Tags

, , , , , , , , , ,

Frau Merkel

If you think Greece current economic disaster is the worst ever happened in Europe with a debtor country, please think twice. In the past century another country has this shameful record. Guess who! …Germany! This is finally showing how Frau Merkel’s country has no basis for this demanding obedience to the debt rules for countries such as either Greece, Portugal or Italy. In fact in the 20th century Germany has been responsible of the biggest national bankruptcies happen to a nation, and it’s been saved only by the U.S.A. decision to drop big amounts the German debt  built by the Weimar Republic between 1924 and 1929 that eventually became insoluble during 1931 economic crisis. Then again the situation repeated after World War II, and the cancellation of vast parts of the new debt helped German economic boom in the 1950’s, which would never have happened without the debt cancellation. The amount of the these debts makes the Greek debt insignificant, as the amount of the 1930’s debt was as huge as the whole European crisis of 2008.

Greek Riots

Italian Version: Se pensate che l’attuale disastro economico Greco sia il peggiore della storia europea, per favore pensateci ancora. Nel secolo passato un’altra nazione ha avuto questo record infamante. Indovinate chi! …La Germania! E questo mostra in maniera definitiva come il paese di Frau Merkel non ha le minime basi per chiedere questa obbedienza alle regole del debito verso paesi quali la Grecia, il Portogallo o l’Italia. In fatti nel 20esimo secolo la Germania è stata responsabile di aver creato la più grande bancarotta statale mai accaduta ad un paese ed è stata salvata solo dalla decisione degli U.S.A. di cancella re gran parte del debito tedesco creato durante la Repubblica di weimar tra il 1924 ed il 1929 che divenne poi di fatto insolvibile durante la crisi economica del 1931. Poi ancora la situazione s’è ripetuta dopo la II Guerra Mondiale, e la cancellazione di vasta parte di questo nuovo debito aiutò il boom economico tedesco degli anni ’50, che non sarebbe mai accaduto senza la cancellazione del debito. L’ammontare di questi debiti paragonato a quello greco attuale lo rende insignificante, visto che il totale del debito degli anni ’30 era così enorme come il totale della crisi europea del 2008.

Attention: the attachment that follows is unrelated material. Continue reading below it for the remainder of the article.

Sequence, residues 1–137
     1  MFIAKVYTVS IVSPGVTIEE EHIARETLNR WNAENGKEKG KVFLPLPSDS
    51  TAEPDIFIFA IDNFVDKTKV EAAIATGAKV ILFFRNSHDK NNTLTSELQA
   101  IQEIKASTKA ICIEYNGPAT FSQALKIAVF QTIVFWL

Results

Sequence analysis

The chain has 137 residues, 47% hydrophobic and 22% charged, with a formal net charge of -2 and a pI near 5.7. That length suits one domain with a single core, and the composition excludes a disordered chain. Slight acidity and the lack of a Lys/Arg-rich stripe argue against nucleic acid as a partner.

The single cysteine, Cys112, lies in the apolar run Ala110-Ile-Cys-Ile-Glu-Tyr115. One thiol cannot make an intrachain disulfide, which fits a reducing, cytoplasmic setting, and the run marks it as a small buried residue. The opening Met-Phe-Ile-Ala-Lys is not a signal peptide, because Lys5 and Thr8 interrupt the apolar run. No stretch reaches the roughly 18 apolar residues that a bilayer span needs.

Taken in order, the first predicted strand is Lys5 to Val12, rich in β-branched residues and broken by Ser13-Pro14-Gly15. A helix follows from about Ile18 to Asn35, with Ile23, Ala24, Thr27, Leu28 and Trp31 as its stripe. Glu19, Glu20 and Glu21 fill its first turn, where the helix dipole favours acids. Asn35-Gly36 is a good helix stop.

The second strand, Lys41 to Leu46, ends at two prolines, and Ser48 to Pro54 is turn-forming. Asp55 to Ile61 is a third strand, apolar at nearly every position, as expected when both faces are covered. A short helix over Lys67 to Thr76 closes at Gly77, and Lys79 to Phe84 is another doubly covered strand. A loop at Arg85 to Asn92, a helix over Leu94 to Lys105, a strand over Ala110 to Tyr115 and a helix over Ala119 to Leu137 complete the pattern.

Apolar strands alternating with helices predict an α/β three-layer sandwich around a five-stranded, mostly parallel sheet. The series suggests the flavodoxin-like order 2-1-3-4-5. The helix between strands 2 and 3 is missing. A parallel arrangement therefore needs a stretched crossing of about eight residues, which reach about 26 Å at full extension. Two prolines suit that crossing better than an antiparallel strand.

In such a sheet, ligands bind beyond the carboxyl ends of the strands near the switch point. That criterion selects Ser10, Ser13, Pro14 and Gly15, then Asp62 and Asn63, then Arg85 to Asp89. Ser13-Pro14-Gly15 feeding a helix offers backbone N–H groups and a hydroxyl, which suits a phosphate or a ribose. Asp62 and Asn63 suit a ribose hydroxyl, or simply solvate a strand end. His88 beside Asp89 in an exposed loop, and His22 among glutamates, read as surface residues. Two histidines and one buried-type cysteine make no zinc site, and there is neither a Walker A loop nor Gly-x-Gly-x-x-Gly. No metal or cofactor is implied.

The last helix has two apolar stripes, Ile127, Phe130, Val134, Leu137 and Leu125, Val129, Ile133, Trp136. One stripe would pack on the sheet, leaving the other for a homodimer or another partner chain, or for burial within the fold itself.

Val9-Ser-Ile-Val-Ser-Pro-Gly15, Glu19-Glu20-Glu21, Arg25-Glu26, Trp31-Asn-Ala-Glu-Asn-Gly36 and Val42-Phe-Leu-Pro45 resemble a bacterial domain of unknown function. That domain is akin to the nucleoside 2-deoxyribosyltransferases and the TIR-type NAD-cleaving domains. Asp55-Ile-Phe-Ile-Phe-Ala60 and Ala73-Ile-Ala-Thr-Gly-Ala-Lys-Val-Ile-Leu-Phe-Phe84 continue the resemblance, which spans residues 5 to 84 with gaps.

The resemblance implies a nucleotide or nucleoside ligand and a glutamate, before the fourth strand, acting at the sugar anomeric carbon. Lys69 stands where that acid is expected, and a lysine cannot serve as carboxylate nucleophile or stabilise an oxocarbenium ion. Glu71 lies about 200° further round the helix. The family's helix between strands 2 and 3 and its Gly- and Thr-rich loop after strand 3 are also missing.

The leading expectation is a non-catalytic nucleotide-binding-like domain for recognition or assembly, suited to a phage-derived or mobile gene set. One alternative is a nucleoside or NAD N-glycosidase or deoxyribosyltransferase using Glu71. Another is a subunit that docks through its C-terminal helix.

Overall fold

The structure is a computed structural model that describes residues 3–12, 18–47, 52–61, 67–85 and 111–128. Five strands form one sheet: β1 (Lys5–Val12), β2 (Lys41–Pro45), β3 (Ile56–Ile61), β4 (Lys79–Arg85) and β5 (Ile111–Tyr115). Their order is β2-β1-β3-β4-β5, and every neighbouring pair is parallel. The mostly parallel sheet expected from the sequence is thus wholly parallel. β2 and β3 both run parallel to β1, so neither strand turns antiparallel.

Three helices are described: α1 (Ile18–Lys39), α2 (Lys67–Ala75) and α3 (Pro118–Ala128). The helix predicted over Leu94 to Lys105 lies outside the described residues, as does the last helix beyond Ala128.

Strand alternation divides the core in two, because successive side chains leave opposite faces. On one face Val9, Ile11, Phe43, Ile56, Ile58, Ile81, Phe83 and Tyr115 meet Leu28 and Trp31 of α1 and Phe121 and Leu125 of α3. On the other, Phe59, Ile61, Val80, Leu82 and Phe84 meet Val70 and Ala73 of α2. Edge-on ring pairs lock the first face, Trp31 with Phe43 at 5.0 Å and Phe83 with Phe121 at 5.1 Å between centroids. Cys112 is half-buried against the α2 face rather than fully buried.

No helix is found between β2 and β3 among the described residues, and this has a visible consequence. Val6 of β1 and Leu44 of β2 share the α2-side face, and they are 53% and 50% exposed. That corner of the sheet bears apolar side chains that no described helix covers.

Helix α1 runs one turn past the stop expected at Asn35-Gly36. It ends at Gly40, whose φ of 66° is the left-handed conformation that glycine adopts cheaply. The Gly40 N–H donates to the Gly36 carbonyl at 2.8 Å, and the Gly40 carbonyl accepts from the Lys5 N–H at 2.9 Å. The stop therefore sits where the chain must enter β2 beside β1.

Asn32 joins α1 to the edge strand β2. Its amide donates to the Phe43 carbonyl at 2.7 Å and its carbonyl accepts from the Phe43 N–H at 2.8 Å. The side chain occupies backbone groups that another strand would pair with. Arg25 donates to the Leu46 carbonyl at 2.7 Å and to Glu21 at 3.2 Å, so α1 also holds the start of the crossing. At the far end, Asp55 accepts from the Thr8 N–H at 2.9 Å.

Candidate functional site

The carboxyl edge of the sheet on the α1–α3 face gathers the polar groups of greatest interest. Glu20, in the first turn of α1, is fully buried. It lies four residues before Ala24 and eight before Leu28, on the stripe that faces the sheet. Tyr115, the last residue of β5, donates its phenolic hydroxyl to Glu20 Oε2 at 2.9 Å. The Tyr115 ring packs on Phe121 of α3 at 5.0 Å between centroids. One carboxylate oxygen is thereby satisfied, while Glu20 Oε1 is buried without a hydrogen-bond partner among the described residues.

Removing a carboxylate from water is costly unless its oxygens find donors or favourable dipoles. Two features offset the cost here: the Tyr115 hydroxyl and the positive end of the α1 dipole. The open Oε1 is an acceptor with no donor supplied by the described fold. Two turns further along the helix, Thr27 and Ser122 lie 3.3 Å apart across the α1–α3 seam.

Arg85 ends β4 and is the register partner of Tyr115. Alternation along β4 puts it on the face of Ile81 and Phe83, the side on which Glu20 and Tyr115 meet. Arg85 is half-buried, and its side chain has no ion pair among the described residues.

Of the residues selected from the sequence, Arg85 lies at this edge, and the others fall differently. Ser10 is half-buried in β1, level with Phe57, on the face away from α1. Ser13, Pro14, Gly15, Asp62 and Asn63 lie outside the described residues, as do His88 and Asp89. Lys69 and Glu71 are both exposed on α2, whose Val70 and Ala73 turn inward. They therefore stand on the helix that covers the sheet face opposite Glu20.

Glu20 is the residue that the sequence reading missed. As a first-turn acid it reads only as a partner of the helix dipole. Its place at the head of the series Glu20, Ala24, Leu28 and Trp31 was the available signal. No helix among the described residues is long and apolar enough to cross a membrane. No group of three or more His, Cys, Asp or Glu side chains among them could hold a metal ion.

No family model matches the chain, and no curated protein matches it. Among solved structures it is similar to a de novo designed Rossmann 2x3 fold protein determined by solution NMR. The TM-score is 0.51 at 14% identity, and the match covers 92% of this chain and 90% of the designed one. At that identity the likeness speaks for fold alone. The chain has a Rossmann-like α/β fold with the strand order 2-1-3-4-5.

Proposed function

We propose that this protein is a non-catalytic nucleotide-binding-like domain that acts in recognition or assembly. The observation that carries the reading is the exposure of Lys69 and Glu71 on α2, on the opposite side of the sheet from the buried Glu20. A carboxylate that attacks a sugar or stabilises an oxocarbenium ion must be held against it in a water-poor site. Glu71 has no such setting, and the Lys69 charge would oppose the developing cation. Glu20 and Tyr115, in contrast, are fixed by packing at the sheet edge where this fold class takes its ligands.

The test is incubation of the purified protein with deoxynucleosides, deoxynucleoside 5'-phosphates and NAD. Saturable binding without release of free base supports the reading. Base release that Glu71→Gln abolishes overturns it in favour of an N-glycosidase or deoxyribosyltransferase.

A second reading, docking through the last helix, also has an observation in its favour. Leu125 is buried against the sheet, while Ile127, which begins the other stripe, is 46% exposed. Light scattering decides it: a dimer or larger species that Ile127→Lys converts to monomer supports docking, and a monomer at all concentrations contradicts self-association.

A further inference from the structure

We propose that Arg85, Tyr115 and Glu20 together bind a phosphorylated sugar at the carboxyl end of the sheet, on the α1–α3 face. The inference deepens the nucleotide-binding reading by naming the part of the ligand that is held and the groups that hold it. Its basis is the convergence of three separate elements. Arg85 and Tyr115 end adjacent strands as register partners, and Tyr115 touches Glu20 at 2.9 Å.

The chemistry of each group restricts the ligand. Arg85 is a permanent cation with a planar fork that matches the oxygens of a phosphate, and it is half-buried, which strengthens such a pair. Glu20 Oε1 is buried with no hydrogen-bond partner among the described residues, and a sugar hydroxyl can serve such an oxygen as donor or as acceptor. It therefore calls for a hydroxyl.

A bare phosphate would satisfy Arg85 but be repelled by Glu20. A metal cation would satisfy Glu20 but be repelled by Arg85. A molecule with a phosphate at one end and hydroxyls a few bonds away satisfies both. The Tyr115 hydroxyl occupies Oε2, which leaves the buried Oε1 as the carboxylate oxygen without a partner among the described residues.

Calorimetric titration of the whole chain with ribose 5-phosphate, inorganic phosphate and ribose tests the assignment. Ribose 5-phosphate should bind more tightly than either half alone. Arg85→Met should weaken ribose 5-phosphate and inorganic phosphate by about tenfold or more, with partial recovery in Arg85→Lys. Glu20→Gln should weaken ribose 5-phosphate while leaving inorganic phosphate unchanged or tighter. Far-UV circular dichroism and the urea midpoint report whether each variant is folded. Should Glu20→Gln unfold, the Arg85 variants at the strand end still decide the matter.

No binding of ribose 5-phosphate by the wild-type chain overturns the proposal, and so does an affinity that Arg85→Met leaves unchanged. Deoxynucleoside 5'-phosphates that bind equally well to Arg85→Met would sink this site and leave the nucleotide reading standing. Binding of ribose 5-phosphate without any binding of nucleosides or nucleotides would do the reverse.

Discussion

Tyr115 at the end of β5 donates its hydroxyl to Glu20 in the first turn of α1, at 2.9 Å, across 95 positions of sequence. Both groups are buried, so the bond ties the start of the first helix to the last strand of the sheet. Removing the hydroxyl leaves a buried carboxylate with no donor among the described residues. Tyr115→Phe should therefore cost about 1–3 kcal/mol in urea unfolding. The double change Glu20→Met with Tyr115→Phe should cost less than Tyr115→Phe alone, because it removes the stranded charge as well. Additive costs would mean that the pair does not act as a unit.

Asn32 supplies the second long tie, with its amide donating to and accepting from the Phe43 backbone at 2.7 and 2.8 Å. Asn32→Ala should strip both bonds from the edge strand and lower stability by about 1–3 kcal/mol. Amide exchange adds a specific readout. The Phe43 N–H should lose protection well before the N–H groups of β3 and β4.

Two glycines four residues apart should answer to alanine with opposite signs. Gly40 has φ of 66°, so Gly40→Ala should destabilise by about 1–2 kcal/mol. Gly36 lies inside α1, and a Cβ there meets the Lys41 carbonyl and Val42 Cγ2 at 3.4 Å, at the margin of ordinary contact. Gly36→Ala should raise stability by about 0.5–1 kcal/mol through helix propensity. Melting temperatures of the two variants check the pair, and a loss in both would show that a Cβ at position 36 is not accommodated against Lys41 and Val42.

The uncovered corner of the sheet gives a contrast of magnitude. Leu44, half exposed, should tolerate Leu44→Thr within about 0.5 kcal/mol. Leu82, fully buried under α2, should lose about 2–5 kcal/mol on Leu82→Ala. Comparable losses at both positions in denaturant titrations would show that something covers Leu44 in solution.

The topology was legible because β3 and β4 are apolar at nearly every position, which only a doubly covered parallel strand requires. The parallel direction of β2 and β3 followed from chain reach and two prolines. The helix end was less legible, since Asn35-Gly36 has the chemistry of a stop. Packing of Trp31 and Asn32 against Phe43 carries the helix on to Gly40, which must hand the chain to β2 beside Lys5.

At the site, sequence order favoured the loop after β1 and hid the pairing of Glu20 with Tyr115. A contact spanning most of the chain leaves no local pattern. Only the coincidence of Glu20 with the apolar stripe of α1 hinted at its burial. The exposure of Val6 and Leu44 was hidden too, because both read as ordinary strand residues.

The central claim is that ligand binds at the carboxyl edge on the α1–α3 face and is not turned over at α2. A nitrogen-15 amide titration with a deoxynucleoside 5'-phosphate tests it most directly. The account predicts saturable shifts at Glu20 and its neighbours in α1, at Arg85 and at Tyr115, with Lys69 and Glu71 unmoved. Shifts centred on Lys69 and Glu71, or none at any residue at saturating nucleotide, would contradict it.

Former German Chancellor Konrad Adenauer (left) during a meeting with the High Commission of the Allies in 1951: Eschewing of reparations demands “a life-saving gesture”

Albrecht Ritschl, professor of economic history at the London School of Economics. Born in Munich, has explained this well clear in an interview released by Der Spiegel last year.

S: You’re saying that Germany should back down?

R: In the 20th century, Germany started two world wars, the second of which was conducted as a war of annihilation and extermination, and subsequently its enemies waived its reparations payments completely or to a considerable extent. No one in Greece has forgotten that Germany owes its economic prosperity to the grace of other nations.

S: What do you mean by that?

R: The Greeks are very well aware of the antagonistic articles in the German media. If the mood in the country turns, old claims for reparations could be raised, from other European nations as well. And if Germany ever had to honor them, we would all be taken the cleaners. Compared with that, we can be grateful that Greece is being indulgently reorganized at our expense. If we follow public opinion here with its cheap propaganda and not wanting to pay, then eventually the old bills will be presented again.

S: Looking at history, what would be the best solution for Greece — and for Germany?

R: The German bankruptcies in the last century show that the sensible thing to do now would be to have a real reduction of the debt. Anyone who has lent money to Greece would then have to give up a considerable part of what they were owed. Some banks would not be able to cope with that, so there would have to be new aid programs. For Germany, this could be expensive, but we will have to pay either way. At least Greece would then have the chance to start over.

Written by MarcoPres

Follow him on Twitter: @MarcoPresz https://twitter.com/#!/marcopresz

In-Depth infos:

Der Spiegel

Albrecht Ritschl

http://www.guardian.co.uk/commentisfree/2011/jun/21/germany-greece-greek-debt-crisis

Advertisements